“Furthermore, BOL will, under this agreement, transfer skills to citizen suppliers and transporters during the contract period and ensure delivery of competent and skilled citizen suppliers and transport companies upon completion of the agreement.”
Mmipi said the capacitating by BOL is limited to providing citizen companies oil industry technical capability and capacity to deliver on the requirements of the contract, when asked on helping citizen companies to access funding.
“BOL’s mandate does not include financing citizen empowerment initiatives. Securing funding will remain the responsibility of the beneficiaries. This could be through government financing entities including CEDA or through commercial banks. Further to this, there are financial institutions that have already signed up to support the Debswana Citizen Economic Empowerment Programme (CEEP),” Mmipi indicated.
While BOL is established by government as company limited by guarantee, it will not benefit financially from the partnership with Debswana, as citizen empowerment in the petroleum value chain is core to BOL’s mandate.
“BOL does not pursue citizen facilitation for financial benefit, but rather we engage in citizen facilitation as a social aspect of our mandate. Citizen facilitation comes at a cost, but it is the right thing to do for the country to develop the oil and gas industry,” she said.
Mmipi said supplying fuel to Debswana comes with commercial benefits such as supply margins. These have traditionally been made outside the country when supply was done by multi-nationals for a period spanning over 50 years. With BOL anchoring supply for Debswana, this benefit will accrue locally, and BOL will be able to pay taxes and dividends to the shareholders in Botswana.
PwC Africa has presented the eighth edition of the VAT in Africa Guide – Africa re-emerging. This backdrop of renewal informs on the re-emergence of African economies and societies which have been affected by the COVID-19 pandemic.
In this edition, which has been compiled by PwC Africa’s indirect tax experts, covers a total of 41 African countries. It is geared towards sharing insight with our clients based on the constantly changing tax environments that can have a significant impact on business operations.
Within Africa, governments continue to focus on expanding the tax net by improving revenue collection through efficient compliance systems and procedures. PwC Africa has observed that revenue authorities also continue to take a keen interest in indirect taxes as part of revenue mobilisation initiatives.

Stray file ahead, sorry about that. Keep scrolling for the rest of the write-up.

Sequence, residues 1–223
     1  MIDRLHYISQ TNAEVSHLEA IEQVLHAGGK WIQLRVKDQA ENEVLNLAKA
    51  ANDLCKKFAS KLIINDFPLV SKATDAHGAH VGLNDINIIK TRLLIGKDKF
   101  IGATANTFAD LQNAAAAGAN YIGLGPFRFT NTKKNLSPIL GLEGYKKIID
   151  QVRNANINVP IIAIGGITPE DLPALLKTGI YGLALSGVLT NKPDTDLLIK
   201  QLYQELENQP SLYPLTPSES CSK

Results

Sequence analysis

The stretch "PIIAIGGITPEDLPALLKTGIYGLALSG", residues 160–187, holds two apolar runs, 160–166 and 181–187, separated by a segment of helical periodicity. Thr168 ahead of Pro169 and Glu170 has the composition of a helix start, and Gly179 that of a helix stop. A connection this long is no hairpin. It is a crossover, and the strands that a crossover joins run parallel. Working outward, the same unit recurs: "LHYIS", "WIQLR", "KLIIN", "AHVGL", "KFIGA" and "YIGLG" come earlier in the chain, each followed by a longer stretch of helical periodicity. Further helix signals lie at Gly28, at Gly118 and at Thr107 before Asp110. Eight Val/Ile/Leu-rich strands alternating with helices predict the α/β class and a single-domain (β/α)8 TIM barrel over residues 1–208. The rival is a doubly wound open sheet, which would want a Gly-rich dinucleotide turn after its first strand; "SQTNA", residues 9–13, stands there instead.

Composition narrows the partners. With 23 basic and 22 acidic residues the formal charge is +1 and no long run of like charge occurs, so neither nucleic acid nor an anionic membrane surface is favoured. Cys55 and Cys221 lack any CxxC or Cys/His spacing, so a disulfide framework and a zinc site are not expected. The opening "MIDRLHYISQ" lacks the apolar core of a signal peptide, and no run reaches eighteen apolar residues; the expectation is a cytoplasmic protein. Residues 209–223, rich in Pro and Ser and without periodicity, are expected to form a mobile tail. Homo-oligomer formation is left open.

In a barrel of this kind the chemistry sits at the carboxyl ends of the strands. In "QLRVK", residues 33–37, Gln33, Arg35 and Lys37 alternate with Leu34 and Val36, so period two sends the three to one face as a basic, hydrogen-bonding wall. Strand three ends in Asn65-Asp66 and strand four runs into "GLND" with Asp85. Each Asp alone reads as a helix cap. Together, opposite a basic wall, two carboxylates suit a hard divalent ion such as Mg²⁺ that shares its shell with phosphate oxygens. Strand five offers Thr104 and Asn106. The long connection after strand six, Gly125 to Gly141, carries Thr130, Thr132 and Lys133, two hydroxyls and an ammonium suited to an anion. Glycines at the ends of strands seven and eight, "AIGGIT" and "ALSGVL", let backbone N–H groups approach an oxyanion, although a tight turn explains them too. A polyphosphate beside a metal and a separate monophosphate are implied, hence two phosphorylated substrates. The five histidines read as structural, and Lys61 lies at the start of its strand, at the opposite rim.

Maturing VAT system and upskilling SARS
“In South Africa, VAT is becoming more relevant as a revenue source for the government,” says Matthew Besanko, PwC South Africa’s Indirect Tax Leader. “Strides have been made to upskill South African Revenue Service (SARS) staff and identify VAT revenue leakages, particularly in respect of foreign suppliers of electronic services to people and businesses in South Africa.”
Broadening the tax base and digital economy
In the past year, South Africa, Mozambique and Zimbabwe saw updates to their VAT legislation, or introduced specific legislation targeting electronically supplied services (ESS), which is in line with the global trend of attempting to tax the digital economy. “The expectation is that Botswana will also introduce VAT legislation in due course, while the National Treasury in South Africa has also made mention of revising the rules to account for further developments in the digital economy,” Besanko says.
South Africa’s National Treasury has also drafted legislation with the intention to introduce a reverse charge on gold, which is expected to come into effect later in 2022. While in Zimbabwe, revenue authorities have introduced a tax on the export of raw medicinal cannabis ranging between 10% and 20%, which came into effect on 1 January 2021.
ESG and carbon tax
Key strides have also been made within the Environmental, Social and Governance (ESG) space. “ESG leadership, strategising and reporting is essential now for organisations that wish to flourish and remain relevant,” Kabochi says. He adds that companies need to consider how ESG and tax intersect, since tax is a significant value driver when businesses need to deliver on their ESG goals.
In South Africa, a carbon tax regime, which is being implemented in three phases, has been adopted. The second phase was scheduled to start in January 2023, however phase one was extended by three years until 31 December 2025.